The thing about selling all of those drugs, devices, and solutions is that a lot can go wrong. Nearly every product that Baxter delivers is a matter of life and death. But when the outcome is death, it can be incredibly difficult to determine a treatment's effectiveness. Was the death normal and predictable? Or did the treatment somehow fail? The answers aren't always obvious. If medical-products companies pulled their wares every time someone died, there would be no medical products. "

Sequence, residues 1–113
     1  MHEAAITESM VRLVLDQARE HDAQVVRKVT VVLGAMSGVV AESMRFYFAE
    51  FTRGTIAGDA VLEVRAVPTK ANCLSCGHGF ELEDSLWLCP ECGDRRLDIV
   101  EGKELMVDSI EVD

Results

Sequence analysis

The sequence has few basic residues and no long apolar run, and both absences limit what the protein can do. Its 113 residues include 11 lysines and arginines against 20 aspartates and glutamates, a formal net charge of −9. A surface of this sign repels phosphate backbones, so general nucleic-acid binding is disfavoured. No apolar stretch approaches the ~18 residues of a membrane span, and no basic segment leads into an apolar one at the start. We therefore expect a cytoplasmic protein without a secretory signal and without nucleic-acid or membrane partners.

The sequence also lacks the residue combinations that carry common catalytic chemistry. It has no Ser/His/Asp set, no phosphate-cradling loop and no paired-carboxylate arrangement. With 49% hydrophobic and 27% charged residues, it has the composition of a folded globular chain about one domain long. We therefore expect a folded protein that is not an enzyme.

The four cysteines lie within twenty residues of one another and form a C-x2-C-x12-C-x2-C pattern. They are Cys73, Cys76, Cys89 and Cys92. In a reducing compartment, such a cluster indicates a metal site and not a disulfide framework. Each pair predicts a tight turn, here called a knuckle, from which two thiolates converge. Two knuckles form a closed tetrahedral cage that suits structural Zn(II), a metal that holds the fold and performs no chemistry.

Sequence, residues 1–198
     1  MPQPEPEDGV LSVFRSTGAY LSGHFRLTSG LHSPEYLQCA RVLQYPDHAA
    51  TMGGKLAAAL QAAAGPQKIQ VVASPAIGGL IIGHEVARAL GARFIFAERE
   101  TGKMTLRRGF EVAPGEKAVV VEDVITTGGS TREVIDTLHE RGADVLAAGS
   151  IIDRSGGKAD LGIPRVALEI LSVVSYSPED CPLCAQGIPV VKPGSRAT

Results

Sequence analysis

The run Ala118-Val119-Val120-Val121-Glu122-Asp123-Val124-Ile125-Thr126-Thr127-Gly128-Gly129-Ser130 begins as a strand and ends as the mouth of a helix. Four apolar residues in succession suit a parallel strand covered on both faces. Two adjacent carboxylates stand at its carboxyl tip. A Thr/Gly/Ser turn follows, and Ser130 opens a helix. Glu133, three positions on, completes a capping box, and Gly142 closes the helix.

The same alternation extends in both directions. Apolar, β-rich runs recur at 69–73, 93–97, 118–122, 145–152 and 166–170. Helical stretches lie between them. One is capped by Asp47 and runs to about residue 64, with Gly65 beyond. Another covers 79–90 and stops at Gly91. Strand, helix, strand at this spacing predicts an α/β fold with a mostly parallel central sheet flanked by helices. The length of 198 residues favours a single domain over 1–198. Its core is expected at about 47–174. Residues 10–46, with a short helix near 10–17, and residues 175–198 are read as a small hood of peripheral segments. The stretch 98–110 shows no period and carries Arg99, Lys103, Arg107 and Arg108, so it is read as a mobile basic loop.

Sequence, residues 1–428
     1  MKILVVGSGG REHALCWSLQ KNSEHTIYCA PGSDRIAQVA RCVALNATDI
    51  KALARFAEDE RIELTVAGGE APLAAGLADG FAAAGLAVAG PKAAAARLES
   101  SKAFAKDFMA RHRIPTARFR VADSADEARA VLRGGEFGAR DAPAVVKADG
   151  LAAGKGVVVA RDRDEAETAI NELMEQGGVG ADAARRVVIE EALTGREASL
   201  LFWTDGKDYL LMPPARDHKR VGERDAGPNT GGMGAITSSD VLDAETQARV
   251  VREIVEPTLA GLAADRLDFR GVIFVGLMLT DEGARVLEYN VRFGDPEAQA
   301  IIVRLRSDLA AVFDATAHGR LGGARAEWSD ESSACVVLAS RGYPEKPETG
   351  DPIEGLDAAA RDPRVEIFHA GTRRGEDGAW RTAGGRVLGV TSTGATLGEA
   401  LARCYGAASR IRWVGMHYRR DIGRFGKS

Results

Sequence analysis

The FDA and other international toxicology boards require exhaustive testing of medical devices. Something slipped up here. Where is the tradeoff between attention to profits and concern for consumers? What have other companies done? How can this be quantified?
The tradeoff between attention to profits and concern for consumers lie in the exhaustiveness of testing undertaken for each drug. The more testing a company or FDA does, the more it costs the economy and the company, the fewer the profits of the company. Thus the company has an incentive to do as little testing as possible in order to maximize its profits. On the other ...
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